Rugby. I love the game and it’s Six Nations tournament time, which has already had some brilliant games and moments in it. I loved my time coaching the minis and juniors at my local club a few years back. Now before you stop reading this isn’t a blog about the game but possibly how some of the key principles of rugby can be applied to managing depression or indeed mental wellbeing overall.
It’s worth reflecting that I don’t really recall much of the 2017 6 Nations. I had none of the excitement that usually builds up in January. Looking back in my journal I noted that for the first England game I just sat and numbly watched it. I usually jump around or call out at things that happen during the game, but not last year. I wrote at the time that this was one of those moments I realised how much depression had taken from me. This year I noted the build up and have been much more engaged with the games (am yet to scare the dog out of the room yet though)
Before some hints and tips based off the game, I will highlight The Rugby Players Association campaign called Lift the Weight, encouraging players to talk about their mental health. The campaign includes many ex and current players, including my hero Jonny Wilkinson. Now Jonny is my overall rugby hero for many reasons, not just because of his many achievements , but because I recognise in myself some of the things he has struggled with – self-criticism and perfectionism. In an interview with the Blurt Foundation Jonny described when he realised that he had depression:
‘I think it was when I started giving up and stopped caring and when I had no answers and couldn’t function”
That sums up depression. Nothing there, no care, no energy, no motivation. Nothing.
The depression page of the Lift the Weight site features scrum half Jono Kitto (formerly of Leicester Tigers, now Harlequins) and prop Duncan Bell (retired Bath and England) talking about depression and stigma. It’s well worth looking at.
Another England rugby hero of mine is Brian Moore. In the book Beware of the Dog, he explains how many times a critical voice, called Gollum after the Lord of the Rings character , would taunt and question him. In one telling paragraph Brian explains why he wasn’t present in photographs capturing the celebrating England team after they achieved the Grand Slam in the then Five Nations 1991 tournament. He stayed in a dressing room with questions raging around how lucky he was to be in the team and that he was no good. Can you imagine that? All the training, all the preparation, the effort and pain in the games and at a moment of celebration your thoughts attack you. I understand that thinking process.
Lastly I’ll mention the rugby referee Nigel Owens. Nigel has spoken about his depression and eating disorder challenges over the last couple of years. He campaigns to address stigma on mental ill health and on LGBT issues. Nigel shared his very moving and inspiring story on a Desert Island Discs appearance that is really worth listening to. (As is Brian Moore’s appearance too, including talking about the sexual abuse he suffered as a child.)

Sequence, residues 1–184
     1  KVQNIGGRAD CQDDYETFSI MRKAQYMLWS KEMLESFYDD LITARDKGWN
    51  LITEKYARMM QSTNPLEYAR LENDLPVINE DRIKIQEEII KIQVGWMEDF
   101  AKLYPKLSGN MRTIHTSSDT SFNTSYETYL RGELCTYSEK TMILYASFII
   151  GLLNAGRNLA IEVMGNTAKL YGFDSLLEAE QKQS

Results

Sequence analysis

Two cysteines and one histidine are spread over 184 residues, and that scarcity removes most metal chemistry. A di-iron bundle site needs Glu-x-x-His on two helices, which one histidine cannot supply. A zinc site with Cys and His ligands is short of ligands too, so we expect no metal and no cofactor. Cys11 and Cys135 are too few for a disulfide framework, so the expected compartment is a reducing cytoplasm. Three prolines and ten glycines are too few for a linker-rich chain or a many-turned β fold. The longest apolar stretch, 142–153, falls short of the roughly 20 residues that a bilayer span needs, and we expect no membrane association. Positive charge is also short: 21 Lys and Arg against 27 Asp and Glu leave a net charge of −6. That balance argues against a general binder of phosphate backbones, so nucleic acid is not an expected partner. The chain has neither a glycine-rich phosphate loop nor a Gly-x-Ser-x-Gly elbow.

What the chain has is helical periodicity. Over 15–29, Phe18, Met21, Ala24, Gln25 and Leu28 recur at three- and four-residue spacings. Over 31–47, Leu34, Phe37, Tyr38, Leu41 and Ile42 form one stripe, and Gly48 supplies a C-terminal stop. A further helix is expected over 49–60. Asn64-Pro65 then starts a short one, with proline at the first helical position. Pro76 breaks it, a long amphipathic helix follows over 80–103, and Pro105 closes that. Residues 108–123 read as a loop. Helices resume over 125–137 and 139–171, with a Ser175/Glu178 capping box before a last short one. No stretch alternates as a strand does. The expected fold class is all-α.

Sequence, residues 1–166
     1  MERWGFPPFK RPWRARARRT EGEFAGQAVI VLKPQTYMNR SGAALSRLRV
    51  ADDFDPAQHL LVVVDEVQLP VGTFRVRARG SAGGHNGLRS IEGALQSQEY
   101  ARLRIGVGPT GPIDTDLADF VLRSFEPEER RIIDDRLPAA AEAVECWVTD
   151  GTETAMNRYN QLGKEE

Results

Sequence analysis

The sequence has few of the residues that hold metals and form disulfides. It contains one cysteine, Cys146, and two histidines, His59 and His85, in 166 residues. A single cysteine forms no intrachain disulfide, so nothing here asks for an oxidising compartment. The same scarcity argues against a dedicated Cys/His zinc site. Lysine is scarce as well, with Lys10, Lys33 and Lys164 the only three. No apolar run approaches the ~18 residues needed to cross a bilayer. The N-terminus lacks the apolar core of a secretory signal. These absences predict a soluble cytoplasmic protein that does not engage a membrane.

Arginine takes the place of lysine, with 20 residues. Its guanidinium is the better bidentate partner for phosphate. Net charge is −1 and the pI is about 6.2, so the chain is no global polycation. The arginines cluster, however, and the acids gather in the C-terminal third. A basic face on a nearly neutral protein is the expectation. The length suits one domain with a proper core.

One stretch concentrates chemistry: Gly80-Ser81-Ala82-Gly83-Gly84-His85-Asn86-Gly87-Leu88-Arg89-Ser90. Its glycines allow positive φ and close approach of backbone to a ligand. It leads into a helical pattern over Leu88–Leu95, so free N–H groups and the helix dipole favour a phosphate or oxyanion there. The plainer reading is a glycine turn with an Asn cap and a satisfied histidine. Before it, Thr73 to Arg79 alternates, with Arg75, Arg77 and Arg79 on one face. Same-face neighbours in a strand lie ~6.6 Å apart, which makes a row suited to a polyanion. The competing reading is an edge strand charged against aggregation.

Depression doesn’t care whether you are whether a top class rugby player or not.It doesn’t mind if you are famous or not. It doesn’t care. And it doesn’t want you too either.
So how could rugby principles help ?
- Go forwards: one of the main principles is to always be moving forwards. Depression doesn’t want you to, it much prefers looking backwards. Or if it does look forward, all it allows you to see is a great big back row of anxiety and worry about to tackle you. Small steps forward are still forward. Keep moving if you can.
- If in doubt go to ground: depression can make us very unsure of ourselves, can overwhelm and at times it is hard to move forwards. When that happens, stop and take your time. If that means a duvet day to manage, then do it. When depression has tackled you fully, protect yourself and turn around towards support.
- Support & teamwork: when you go to ground, you look for the support of your team, to come and help you. Reach out to friends, family, medical professional or support lines (Samaritans , Mind). Talk about it, don’t keep it to yourself. Let others help you to offload. They can also help you to move forwards.
- Find space: rugby is a game about making and using space. Often with depression we need space. In our head and around us. Breathing exercises, meditation, focussing on a creative activity, exercise, being outside in nature are all ways that may help in helping create space. Sometimes we need some time alone to rest up.
- Take the hit: sometimes you know there is a big tackle coming your way. You can’t sidestep it and to keep moving forwards you have to deal with it. Do so with compassion towards yourself. This doesn’t mean just being kind, but rather being courageous and accepting that it’s going to hurt. That the pain is part of moving forward and that you can do it, without being critical or judgemental of yourself.
- Respect: rugby has an underlying ethic of respect. Towards your team, your opposition, the officials and the game itself. So while the match is on the players will tackle hard and do their best to win, at the end of the match they shake hands and applaud each other. Depression doesn’t want you to respect yourself. It will tackle you, run over you and never, ever shake your hand. Respect yourself, look after yourself through good self-care routines and celebrate being you.
Did I miss any suggestions? Or is there another sport that could provide some helpful hints and tips? Love to hear of any you can think of, leave a comment on the blog or on social media.